When’s Time To Take Car To The Dealer?
Q: I have a 2003 Lexus ES300. The check-engine light came on, so I took it to my mechanic. He scanned it, and the code said it was the evaporative emissions system. He then did a “smoke test” and saw smoke leaking out of pinholes in the fuel filler neck — which he then replaced. I drove it for about 200 miles and the light came on again. Same code. This time they replaced the evaporative canister.
I drove for about another 200 miles, and again the light came on with the same code. This time they replaced the vent control solenoid. Again, I drove for about 200 miles and the light came on. They explained that there are many parts in the evaporative emissions system. Should I go to the dealer? Will they be able to diagnose it more accurately? What’s left to replace?
A: Well, clearly the problem is that you’re driving too far, Fil. You need a new lifestyle where you never drive more than 199 miles.
These guys are guessing now, unfortunately. Doing the smoke test was the right place to start, and if the filler neck was perforated, it made perfect sense to replace it. But maybe that wasn’t the only leak? Maybe that was just the biggest leak.
The question is, How are they approaching the problem now? If they have good diagnostic software, it should be suggesting next steps for them in terms of what to test. But if they’re just guessing, that could go on until the next season of “Game of Thrones” is released — there are a lot of individual parts in the evaporative emissions system.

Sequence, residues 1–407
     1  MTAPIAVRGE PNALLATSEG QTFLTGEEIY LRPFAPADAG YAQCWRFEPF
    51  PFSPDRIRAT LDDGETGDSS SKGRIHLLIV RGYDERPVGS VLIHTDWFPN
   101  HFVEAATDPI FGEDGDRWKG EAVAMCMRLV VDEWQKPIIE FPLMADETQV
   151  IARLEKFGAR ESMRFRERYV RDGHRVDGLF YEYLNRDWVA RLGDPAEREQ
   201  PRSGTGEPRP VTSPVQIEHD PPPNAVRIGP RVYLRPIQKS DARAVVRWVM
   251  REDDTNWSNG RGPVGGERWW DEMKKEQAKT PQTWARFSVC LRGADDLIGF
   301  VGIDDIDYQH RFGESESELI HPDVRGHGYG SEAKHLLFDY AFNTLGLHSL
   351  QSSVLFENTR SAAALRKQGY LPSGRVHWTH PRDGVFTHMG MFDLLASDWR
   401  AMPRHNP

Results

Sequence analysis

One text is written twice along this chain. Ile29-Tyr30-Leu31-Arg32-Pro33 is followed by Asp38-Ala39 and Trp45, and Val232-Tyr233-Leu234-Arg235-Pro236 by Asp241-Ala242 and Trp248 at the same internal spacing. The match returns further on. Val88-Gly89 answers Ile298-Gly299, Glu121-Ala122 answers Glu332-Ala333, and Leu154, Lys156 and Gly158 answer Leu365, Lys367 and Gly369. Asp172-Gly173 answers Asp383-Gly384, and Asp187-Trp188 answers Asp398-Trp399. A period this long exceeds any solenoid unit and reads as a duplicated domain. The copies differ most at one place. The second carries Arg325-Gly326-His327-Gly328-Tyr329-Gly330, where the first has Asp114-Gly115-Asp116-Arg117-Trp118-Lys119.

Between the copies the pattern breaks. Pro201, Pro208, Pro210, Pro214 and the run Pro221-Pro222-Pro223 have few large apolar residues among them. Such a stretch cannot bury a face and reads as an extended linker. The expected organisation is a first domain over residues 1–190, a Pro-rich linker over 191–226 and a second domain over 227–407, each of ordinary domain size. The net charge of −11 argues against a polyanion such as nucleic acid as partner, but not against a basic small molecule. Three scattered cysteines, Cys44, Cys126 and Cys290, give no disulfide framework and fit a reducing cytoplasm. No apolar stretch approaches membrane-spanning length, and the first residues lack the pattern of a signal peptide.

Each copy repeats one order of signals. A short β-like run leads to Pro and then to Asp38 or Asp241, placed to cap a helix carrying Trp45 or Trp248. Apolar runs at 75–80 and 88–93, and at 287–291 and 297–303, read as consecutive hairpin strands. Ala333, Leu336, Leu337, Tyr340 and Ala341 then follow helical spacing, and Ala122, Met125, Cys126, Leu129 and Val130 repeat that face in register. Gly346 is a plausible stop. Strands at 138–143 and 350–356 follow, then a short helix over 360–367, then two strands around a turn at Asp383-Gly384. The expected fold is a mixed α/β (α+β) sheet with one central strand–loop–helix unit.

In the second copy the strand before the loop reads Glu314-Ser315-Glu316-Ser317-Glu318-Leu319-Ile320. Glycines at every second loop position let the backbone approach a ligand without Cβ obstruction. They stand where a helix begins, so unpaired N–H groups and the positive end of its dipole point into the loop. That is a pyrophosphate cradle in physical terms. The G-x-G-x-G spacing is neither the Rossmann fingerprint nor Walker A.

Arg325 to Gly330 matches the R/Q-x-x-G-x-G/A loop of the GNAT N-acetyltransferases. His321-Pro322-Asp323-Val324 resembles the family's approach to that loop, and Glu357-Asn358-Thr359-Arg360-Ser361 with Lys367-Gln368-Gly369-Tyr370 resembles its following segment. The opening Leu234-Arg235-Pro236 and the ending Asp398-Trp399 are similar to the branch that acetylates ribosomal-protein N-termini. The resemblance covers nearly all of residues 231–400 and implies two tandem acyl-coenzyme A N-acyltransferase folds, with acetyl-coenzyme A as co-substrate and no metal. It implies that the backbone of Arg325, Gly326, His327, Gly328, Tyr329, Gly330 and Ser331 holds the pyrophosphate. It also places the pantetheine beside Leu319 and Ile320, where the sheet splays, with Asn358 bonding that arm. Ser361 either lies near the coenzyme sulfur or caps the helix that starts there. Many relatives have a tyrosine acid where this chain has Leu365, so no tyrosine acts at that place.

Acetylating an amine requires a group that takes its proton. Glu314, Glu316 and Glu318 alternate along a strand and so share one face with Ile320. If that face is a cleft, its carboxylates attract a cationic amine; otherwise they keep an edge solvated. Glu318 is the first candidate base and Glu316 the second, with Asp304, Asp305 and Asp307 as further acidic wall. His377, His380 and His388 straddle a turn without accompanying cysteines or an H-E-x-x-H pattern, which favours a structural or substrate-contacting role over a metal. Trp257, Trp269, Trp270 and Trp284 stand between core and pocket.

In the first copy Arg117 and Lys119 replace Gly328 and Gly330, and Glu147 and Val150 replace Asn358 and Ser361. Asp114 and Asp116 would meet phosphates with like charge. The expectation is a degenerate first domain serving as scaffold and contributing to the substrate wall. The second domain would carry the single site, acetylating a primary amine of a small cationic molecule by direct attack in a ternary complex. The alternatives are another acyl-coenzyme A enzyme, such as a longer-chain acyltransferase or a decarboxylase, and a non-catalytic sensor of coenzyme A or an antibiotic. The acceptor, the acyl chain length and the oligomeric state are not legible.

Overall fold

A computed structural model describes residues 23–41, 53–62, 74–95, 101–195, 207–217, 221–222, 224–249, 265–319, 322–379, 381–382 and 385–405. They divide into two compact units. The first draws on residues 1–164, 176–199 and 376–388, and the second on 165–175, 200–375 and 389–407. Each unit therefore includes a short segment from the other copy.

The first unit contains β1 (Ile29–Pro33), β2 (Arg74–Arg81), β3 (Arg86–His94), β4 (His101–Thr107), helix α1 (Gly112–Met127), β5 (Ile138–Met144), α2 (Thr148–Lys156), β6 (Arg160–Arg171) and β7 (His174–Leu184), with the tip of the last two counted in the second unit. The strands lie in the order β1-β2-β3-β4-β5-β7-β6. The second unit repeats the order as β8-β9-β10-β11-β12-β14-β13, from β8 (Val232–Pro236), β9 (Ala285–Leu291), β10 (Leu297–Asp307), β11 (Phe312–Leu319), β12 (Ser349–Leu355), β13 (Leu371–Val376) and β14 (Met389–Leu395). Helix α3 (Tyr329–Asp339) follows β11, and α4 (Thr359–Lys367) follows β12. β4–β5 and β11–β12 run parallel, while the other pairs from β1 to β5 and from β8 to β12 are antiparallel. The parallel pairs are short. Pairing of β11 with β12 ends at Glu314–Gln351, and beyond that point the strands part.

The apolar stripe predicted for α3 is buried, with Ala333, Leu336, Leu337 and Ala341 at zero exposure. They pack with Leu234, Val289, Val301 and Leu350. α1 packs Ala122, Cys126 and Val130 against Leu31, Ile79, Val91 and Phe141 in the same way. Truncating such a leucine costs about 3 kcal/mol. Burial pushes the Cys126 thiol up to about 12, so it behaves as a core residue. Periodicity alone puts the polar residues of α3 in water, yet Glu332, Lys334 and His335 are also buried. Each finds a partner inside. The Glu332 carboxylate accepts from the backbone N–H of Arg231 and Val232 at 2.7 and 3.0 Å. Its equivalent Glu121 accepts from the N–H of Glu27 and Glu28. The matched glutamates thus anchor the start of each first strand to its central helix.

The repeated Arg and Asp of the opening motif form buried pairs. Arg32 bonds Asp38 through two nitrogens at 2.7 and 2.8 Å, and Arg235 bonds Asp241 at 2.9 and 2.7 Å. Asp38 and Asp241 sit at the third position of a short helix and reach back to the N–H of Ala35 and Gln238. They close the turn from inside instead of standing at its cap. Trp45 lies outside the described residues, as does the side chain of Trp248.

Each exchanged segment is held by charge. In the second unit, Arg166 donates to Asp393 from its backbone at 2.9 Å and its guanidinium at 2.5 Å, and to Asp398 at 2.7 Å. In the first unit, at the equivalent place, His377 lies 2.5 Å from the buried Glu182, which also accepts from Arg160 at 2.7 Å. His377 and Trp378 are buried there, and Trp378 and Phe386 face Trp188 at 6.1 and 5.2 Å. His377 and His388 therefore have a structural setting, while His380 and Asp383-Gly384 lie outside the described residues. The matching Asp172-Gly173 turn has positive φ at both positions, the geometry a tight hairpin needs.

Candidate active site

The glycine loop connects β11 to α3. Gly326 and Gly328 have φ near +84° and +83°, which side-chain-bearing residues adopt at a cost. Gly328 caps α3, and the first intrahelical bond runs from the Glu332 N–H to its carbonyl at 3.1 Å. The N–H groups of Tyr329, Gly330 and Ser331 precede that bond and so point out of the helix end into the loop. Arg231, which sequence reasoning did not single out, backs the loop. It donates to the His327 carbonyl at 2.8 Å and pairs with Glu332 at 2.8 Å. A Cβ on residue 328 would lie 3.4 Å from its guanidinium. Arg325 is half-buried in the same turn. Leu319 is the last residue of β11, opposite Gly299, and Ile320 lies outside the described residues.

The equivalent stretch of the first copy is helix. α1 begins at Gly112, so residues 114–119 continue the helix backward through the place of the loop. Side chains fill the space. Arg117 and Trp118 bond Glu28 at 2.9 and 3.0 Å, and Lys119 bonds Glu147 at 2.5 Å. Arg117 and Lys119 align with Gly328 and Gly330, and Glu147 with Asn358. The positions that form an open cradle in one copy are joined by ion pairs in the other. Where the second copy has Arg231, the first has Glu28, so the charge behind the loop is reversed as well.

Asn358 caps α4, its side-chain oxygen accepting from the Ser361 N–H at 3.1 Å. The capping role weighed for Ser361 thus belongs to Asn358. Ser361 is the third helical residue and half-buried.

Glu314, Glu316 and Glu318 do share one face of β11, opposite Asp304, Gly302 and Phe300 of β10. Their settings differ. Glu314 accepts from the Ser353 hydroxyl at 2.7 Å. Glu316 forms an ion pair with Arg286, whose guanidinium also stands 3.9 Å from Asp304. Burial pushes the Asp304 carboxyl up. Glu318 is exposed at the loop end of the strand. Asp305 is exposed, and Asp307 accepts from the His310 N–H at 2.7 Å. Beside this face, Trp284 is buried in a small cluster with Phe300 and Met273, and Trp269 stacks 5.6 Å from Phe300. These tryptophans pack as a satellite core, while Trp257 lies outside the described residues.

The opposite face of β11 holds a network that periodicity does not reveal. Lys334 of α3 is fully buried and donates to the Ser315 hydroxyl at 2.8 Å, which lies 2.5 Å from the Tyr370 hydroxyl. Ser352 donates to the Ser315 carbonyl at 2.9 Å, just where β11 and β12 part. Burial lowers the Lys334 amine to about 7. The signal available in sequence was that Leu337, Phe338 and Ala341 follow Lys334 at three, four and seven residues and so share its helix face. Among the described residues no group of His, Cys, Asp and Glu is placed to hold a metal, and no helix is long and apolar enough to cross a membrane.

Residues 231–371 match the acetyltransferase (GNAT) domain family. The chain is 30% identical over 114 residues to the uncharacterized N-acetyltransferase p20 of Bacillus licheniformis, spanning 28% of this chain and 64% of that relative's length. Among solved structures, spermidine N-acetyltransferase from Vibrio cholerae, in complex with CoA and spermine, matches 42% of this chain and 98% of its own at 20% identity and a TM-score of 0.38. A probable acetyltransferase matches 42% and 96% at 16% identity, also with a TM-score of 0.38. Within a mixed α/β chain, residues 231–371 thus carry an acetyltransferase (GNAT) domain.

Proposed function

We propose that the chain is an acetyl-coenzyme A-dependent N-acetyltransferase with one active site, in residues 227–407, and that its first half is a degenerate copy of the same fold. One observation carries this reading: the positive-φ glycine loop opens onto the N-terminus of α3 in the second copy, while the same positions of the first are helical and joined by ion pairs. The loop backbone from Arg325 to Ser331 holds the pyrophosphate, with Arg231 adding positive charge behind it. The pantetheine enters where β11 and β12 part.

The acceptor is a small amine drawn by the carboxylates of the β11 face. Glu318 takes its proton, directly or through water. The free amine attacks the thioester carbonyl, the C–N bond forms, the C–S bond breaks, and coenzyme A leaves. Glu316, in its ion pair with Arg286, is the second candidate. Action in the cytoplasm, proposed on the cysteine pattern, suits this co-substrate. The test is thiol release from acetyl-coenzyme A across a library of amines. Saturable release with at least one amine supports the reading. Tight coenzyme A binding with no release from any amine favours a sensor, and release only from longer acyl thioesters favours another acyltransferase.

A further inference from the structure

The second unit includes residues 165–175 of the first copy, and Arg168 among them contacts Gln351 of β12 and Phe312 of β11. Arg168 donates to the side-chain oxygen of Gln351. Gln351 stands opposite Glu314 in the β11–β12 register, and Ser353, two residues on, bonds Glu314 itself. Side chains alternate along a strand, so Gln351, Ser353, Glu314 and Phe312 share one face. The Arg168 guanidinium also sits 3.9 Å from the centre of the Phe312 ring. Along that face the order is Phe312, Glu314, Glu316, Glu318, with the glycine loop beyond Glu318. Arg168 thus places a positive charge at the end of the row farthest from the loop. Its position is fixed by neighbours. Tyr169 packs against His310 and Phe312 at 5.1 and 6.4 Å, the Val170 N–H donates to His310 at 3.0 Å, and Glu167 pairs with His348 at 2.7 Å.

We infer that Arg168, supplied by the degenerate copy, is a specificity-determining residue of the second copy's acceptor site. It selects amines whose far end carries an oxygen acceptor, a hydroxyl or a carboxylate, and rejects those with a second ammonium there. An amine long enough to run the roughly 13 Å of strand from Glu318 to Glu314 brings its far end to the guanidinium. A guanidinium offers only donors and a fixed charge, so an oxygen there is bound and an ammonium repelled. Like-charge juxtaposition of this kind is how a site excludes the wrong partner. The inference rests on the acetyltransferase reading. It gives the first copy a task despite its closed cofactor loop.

It could be a bad hose that’s running from the evaporative canister to the fuel tank. It even could be something as simple as a bad gas cap (let’s hope they tried that already). Or it could be a bad computer.
If you like these guys, you can say, “Hey, fellas, I think you owe me some free diagnostic work here, considering I already helped you make about two months’ worth of boat payments.” And if they’re willing to keep trying stuff for free until they nail it, then you can give them some more time. I’d suggest they start by doing another smoke test.
If they still can’t figure it out, and they’re really good guys, they’ll take it to the dealer for you and get it diagnosed, and then fix it.
But if they’re unwilling or unable to continue, then I would take it to the dealer. They’ve worked on many more ES300s than your local mechanic has, and they may know what oddball problem tends to set off a check engine light in cases like these.